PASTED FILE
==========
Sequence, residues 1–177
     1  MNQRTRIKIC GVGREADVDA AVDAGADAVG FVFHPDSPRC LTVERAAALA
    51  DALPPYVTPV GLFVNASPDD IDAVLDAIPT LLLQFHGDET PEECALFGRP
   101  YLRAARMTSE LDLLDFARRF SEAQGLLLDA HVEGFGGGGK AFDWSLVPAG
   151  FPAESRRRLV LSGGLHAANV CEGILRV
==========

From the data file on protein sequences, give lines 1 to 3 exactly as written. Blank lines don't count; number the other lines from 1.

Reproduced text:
Sequence, residues 1–177
     1  MNQRTRIKIC GVGREADVDA AVDAGADAVG FVFHPDSPRC LTVERAAALA
    51  DALPPYVTPV GLFVNASPDD IDAVLDAIPT LLLQFHGDET PEECALFGRP